Yeah. So that’s actually something I’ve heard quite a bit like, What do you mean, you have a Bachelors of Science? Cultural anthropology isn’t science. Well, it is because we’re still testing theories. We’re testing hypotheses that we come up with, we follow the scientific method when we go out and do ethnographies and everything. And like, I’m a bio cultural anthropologist, like, I’m still looking at people’s bones and seeing, okay, what’s going on here? What caused this shape to come out of these bones? And then Is this because of the culture? Or did the culture result from the bones? Like there’s still a good amount of hard science, heavy quotations around hard going on there. I’m no stranger to the whole like, but you’re not actually doing science. I am though. Like I’m taking the scientific method and applying it to how humans think and work and create the systems around us. I… they’re not naturally occurring things, like humans created these concepts and ideas and cultural anthropologists are like, Okay, so how do we do this and why?
The final thing that we do, basically, with this podcast is ask our guests to weigh in on one of our recurring themes.
I kind of bounced between all three while thinking about it, but I might go with the, is it gay if it’s in space.
I mean, listen, you can answer all three, if you want to, we don’t have time limits. We’re not on cable.
So I might just answer all three, because they’re going to be nice, not short, but like, well rounded answers that are nicely condensed,
You know, I’ll just go on down the line. So the first one, which is the whole post apocalyptic landscape thing, I mean, I’m in the foothills of Appalachia, I would probably start up… I know how to garden, I know how to make knives, I would probably start up in like, build a community around me. It’s like, Hey, this is how you garden efficiently. This is how you take care of the weapons that you have, like, this is how you make sure you get what you can and I can repair them for you. So I’ll probably start doing that. I mean, I know how to sew and crochet as well. So it’s kind of like, you know what, I’m a one person factory all by myself.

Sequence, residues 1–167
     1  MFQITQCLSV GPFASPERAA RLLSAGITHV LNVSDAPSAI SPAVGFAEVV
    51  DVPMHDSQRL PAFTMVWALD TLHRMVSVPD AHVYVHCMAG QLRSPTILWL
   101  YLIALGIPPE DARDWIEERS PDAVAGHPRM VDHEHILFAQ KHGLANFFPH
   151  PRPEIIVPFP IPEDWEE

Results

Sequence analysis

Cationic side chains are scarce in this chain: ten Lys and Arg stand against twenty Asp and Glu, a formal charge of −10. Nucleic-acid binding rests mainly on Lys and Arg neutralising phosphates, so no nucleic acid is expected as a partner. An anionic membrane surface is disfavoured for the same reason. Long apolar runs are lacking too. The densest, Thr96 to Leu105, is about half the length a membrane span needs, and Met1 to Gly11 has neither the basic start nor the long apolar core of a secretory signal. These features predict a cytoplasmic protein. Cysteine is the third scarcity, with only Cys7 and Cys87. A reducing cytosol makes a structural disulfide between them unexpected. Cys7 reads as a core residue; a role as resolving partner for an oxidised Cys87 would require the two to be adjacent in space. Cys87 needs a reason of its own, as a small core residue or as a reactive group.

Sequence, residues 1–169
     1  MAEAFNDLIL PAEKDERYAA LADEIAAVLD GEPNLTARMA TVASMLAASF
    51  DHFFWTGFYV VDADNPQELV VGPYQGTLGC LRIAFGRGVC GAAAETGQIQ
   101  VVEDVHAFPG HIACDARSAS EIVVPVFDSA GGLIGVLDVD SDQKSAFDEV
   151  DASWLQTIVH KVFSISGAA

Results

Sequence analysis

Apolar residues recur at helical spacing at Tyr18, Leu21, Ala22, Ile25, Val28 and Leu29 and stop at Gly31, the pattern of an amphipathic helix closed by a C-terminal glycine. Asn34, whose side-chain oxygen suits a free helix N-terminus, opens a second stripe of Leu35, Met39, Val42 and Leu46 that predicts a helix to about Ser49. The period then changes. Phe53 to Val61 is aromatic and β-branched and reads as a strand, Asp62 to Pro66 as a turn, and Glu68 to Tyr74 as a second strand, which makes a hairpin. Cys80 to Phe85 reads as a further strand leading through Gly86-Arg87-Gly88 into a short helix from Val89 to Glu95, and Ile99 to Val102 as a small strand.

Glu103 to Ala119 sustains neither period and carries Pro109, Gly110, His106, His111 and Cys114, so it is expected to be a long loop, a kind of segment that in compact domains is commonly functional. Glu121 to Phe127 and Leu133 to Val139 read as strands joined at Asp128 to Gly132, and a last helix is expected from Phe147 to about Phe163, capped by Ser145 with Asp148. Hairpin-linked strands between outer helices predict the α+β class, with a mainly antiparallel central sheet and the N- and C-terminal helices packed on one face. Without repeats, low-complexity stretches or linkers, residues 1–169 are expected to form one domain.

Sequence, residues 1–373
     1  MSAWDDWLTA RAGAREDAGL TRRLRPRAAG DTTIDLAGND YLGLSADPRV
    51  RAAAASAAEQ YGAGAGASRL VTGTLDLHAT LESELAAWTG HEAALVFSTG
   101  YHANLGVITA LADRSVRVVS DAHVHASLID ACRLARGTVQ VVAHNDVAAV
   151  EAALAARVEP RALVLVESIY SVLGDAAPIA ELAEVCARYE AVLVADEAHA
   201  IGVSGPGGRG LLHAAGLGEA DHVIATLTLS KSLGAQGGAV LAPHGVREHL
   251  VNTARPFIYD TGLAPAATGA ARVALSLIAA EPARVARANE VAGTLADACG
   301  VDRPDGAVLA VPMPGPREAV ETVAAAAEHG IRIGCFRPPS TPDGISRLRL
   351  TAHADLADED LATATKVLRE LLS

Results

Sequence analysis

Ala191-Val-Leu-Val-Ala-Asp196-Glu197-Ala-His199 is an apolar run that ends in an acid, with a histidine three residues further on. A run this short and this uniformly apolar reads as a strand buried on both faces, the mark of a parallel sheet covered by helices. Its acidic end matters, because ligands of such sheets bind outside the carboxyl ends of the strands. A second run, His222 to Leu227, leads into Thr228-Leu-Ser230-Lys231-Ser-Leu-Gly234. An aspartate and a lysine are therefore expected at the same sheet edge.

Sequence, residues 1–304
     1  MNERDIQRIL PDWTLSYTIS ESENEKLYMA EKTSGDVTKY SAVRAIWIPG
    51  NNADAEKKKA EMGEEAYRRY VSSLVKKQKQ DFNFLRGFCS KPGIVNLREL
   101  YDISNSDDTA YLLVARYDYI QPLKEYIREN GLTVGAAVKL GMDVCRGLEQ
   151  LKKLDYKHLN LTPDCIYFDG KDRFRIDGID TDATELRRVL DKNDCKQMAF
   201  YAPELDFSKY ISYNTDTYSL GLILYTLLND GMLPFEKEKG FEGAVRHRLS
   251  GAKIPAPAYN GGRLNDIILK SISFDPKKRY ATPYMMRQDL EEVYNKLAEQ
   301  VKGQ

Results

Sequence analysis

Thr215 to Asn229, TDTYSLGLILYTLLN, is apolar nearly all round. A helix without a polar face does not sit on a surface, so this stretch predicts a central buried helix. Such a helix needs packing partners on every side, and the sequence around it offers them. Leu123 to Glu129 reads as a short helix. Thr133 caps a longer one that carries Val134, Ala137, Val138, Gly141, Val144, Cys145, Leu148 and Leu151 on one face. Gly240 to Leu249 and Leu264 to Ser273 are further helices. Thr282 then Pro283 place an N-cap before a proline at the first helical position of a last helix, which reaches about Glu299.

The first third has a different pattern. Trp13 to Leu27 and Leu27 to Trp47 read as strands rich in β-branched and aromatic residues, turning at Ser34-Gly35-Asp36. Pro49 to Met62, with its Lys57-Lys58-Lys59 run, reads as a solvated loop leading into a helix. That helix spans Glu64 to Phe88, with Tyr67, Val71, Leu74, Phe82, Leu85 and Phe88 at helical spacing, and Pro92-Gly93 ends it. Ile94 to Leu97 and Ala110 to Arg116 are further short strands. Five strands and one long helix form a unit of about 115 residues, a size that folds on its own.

Yeah, you’d be really handy to have around.
Yeah, you’d be a great value add, it sounds like, to any community. What’s also interesting, and an angle that we have not pursued yet, is the question of… because we’re generally presenting this as climate catastrophe, because that’s generally what I think of as being not only likely, but at some point inevitable.
And so thinking about where you are located in space… In Arizona, I feel like our biggest issues to begin with will be water availability, and just the dang heat, which then again, it gets back to water availability. So what sort of problems do you anticipate if you stayed where you are? What would you have to deal with there?
Probably a good amount of water availability. Because I mean, I’m in Georgia, we’re basically always in a drought for some reason or another.
That’s interesting to me, because Georgia is so humid.
It’s so humid but like, I think it’s rained once in the last month where I live. So like, it’s like it’s humid, but like the actual rain itself is pretty sparse. My area itself is like very wooded and hilly. So that’s another thing you’d have to deal with, just like the amount of effort it would take to get from point A to point B of like, you can’t use a car or some other kind of automized vehicle to go around with… like walking around would be a pain in the butt.